Meanwhile, ONN will work with our partners from the nonprofit and government sectors to educate community nonprofits on the appropriate use of police record checks in the context of an overall employee and volunteer screening approach.

Legislation + Central screening + No-cost checks = Helping nonprofits focus on their missions

Ultimately, we’d like to see police record checks legislation complemented by two systems that would further reduce the administrative burden on nonprofits:

  • A central screening service that provides clear results (pass/fail/adjudicate/appeal) for vulnerable sector checks (in place in British Columbia) instead of police record information that nonprofits must interpret themselves
  • A program that covers the costs of volunteer police record check for eligible nonprofit organizations (as in Alberta)

How can organizations support sector change?

Police record checks are important tools to help nonprofits and protect the vulnerable persons we serve, but they are not the only, or even the main, employee or volunteer screening tool. The over-reliance on police record checks has contributed to rising costs and increased timelines for processing. Organizations must ensure that asking for a police record check is clearly related to a legitimate requirement of the job. If an employee or volunteer will have only casual or occasional contact with vulnerable persons, a check may not be necessary.

We encourage all nonprofits to re-evaluate the need for police record checks in your organization and to consider other tools in a more holistic screening process. With 55,000 organizations, 5.2 million volunteers and 1 million paid staff, together we need to ensure there are fewer barriers to employment and volunteerism. We can all contribute to change by rethinking our approach and shifting towards best practices.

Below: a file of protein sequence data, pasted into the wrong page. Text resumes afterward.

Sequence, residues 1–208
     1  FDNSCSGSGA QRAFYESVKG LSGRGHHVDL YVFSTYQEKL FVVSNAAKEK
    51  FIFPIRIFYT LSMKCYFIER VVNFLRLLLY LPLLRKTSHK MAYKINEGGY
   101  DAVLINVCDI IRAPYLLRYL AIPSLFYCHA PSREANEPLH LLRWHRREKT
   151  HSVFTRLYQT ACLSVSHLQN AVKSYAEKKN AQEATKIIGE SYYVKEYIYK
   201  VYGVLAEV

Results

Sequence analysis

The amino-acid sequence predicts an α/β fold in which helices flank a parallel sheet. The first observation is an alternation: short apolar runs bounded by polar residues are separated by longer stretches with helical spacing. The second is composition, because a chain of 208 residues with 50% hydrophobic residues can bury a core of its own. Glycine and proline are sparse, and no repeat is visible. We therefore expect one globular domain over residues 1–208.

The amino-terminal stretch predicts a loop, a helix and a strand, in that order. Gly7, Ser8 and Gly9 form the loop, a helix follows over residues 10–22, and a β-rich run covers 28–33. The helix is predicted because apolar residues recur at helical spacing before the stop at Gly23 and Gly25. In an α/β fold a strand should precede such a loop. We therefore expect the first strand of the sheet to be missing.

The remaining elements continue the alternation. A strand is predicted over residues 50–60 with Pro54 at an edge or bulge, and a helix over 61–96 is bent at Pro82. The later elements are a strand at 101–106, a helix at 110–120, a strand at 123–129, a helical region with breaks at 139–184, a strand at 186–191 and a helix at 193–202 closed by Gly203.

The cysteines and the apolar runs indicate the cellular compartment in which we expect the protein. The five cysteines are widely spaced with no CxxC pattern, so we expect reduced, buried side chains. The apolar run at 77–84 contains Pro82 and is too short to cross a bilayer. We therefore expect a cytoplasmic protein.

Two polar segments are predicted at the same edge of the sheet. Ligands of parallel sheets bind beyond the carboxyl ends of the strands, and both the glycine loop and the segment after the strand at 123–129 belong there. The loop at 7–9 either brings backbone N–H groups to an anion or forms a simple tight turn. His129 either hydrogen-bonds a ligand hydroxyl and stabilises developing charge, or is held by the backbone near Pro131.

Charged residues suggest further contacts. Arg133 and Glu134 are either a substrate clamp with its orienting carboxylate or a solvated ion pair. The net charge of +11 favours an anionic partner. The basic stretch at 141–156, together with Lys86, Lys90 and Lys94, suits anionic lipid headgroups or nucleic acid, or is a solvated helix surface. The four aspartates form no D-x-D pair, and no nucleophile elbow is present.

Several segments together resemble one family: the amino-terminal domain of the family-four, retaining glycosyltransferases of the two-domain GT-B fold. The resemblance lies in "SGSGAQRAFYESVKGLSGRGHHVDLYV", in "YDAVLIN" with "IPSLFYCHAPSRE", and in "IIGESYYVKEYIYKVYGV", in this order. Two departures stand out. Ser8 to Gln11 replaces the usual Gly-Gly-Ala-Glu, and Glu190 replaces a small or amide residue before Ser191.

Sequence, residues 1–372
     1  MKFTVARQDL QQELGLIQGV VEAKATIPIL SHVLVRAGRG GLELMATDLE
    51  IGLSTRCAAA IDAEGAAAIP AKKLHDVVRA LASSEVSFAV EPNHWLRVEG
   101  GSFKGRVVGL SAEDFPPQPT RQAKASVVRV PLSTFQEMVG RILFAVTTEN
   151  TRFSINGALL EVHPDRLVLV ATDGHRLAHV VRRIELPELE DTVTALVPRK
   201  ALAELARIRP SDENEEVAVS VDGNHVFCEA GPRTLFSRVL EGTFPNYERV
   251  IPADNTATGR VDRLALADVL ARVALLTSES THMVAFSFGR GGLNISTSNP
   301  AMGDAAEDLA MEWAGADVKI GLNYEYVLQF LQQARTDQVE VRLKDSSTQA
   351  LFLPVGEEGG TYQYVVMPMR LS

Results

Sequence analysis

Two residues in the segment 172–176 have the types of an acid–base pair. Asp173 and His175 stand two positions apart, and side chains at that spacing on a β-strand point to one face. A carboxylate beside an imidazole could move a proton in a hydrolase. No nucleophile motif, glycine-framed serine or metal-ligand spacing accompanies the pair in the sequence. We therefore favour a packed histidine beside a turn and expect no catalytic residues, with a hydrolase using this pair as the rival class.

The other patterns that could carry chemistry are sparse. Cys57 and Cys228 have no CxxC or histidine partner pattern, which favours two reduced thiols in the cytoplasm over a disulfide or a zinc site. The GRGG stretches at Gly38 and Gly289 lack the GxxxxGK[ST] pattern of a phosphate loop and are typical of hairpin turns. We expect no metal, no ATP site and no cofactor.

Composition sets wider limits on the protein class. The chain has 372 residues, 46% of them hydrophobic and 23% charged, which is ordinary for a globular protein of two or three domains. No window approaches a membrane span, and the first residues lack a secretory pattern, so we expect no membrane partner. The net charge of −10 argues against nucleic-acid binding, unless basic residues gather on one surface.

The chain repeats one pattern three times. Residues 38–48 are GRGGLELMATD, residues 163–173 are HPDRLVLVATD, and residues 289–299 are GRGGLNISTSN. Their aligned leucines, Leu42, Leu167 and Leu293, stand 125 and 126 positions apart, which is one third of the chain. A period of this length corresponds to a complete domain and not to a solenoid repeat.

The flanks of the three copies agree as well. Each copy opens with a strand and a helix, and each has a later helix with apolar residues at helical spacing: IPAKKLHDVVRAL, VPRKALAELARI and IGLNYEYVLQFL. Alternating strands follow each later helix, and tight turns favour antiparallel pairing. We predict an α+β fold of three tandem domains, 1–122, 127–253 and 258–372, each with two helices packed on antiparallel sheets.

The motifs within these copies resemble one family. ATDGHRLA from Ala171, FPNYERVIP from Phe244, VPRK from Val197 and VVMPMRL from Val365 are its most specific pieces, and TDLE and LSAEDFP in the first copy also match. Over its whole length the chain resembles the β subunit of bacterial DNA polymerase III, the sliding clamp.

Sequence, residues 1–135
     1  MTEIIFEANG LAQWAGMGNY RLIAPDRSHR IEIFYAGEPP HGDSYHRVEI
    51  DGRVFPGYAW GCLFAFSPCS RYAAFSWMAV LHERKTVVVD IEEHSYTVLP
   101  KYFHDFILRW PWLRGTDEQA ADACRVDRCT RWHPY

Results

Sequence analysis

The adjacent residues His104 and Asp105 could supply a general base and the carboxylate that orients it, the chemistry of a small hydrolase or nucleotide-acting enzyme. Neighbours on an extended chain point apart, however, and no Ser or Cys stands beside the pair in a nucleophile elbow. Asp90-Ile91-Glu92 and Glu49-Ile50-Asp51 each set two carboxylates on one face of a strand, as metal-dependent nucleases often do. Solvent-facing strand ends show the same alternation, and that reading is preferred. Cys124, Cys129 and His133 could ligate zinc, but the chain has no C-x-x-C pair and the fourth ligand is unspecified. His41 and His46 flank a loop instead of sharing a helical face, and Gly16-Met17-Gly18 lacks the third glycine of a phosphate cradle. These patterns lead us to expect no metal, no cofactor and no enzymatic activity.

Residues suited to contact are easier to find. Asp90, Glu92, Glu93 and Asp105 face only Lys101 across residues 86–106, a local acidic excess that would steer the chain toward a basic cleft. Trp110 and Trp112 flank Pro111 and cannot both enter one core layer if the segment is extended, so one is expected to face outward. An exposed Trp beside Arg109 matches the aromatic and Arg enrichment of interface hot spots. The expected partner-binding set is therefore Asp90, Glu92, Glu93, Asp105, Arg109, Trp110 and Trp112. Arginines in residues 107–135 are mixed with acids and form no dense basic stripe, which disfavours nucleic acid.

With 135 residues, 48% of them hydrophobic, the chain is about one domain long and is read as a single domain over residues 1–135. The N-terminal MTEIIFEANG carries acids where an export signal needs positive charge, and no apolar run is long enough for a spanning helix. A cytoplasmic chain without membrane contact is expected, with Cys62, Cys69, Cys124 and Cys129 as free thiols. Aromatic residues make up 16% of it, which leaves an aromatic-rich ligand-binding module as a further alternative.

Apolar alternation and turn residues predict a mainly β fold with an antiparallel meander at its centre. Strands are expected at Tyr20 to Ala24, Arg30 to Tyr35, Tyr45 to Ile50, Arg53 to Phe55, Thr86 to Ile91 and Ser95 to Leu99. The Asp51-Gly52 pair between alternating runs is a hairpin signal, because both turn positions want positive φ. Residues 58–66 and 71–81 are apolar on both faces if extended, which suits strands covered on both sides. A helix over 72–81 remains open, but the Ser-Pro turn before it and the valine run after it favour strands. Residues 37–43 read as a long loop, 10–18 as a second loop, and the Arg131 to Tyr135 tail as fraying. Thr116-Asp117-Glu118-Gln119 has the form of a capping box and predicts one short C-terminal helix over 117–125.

Ontario Government: News release on the passage of Bill 113

Volunteer Canada’s The Screening Handbook

On the Record: Police Record Checks” Workshop series presented by the John Howard Society of Ontario and the Canadian Civil Liberties Association (including online video)

ONN was pleased to have the opportunity to appear before the Standing Committee on Justice Policy on Nov. 5, 2015, when Bill 113 was discussed after its second reading in the Legislature. Bill 113 is moving quickly! Our submission highlighted the following issues:

  • It is of utmost importance to our sector to get the processing timelines and fees for police record checks regulated, as these currently vary widely across the province. If police services continue to charge volunteers for police record checks, it would be valuable to see a program to cover these costs for eligible nonprofits, as in Alberta.
  • We need an awareness/education campaign geared towards nonprofits and other employers regarding the appropriate role of police record checks in a comprehensive approach to screening, so as to reduce the administrative burden created by the over-reliance on police checks.
  • It would be valuable to introduce a central screening service that would take the guesswork of interpreting police records (and risk of discrimination) out of the hands of nonprofits—and replace this with a simple “pass/fail/adjudicate/appeal” report like British Columbia has.
  • It will be important to make sure the right statistics are collected and released as data-sets on the program, including the volume of police record checks processed and the cost of doing so.
  • We support in principle an amendment to Bill 113 that incorporates MPP Sylvia Jones’ (Dufferin-Caledon) Private Member’s Bill 79, the Helping Volunteers Give Back Act, which would allow volunteers to use the results of a police record check across multiple organizations within a specified timeframe without paying additional fees. We understand, however, that this may not work under the (federal) Criminal Records Act for “level 3” checks (Vulnerable Sector Checks) because different information might be selected for disclosure depending on the nature of the volunteer position. But to the extent that such a practice is viable, it should be considered as one way to reduce the cost of police record checks for volunteers.

ONN was pleased that every single one of these issues was raised by MPPs during the Second Reading debate in the Legislature. Clearly nonprofits have been doing great advocacy work on this issue which affects so many of us. And if some of these issues are not addressed in the Bill after the amendment process, we will be advocating for them to be covered in the development of regulations under the Act. Stay tuned!